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Does "the most important book I've ever read" constitute a review? I'll throw some comments in below...
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Much of this book was very good, especially the first section on Discipline and I can see myself coming back to this many times and drawing genuine inspiration from it. However, I found the last section on Grace unconvincing and a bit unsatisfactory, labouring some some rather subjective points overmuch. But excellent overall and probably deserves most of its accolades.
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Psychoanalysis concepts. Very good discussing the impact of life changing events causes on depression. Good coverage on the disciplines of mental management. Didn’t like his discussion of Love, but the other areas were well worth a read and very timely for me.
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Lent: self-improvement through discipline, love, growth, and finally grace; really bogs down in the grace section: God as coincidence, God as dream-giver, etc
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An excellent and inspiring work about dealing with inner pain from a psychotherapeutic and spiritual perspective.
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I read this at a time when I really needed it (probably in late 2000, early 2001) and it really spoke to me. I've read portions of it again since then. I should probably re-read more of it more often. It is a life affirming and life altering work.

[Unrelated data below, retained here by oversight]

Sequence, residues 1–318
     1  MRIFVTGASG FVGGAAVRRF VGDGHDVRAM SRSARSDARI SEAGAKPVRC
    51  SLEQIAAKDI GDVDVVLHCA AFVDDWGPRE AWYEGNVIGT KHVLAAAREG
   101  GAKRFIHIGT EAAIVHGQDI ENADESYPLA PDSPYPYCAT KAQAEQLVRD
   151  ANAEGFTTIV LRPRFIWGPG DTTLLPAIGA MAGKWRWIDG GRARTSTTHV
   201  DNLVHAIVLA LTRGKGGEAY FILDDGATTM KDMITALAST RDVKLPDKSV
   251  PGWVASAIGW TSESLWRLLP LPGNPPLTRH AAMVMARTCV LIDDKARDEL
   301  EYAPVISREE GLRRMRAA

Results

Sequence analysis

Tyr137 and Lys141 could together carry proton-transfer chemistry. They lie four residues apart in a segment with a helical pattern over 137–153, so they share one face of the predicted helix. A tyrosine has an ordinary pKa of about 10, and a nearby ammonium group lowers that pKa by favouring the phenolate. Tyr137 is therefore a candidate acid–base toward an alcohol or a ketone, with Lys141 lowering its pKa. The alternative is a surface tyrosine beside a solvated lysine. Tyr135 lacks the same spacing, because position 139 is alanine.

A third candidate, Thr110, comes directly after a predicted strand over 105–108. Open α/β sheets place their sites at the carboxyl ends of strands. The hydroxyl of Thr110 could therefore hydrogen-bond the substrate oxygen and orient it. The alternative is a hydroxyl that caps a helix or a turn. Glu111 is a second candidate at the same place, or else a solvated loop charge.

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I read this book many, many years ago. It is a great book, very inspiring indeed and still valid today. I don't think his later books are as good - this one probably marked a paradigm shift. It seems to have become a foundation book for the "self-help" and "new age" movements, but that should not be allowed to diminish its value as a serious work.
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This is one of the key books that started my conscious growth process as a young adult. I read it when I was 19 at just the right moment, and it served as one of the entry points into the genre of self-help and spirituality literature, which as a whole has had a profoundly positive affect on my life. Great book.
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This book is defined for me by his terms "Character-disorder" and "Neurotic". They explained my marriage, it's failure and my role. Timeless book.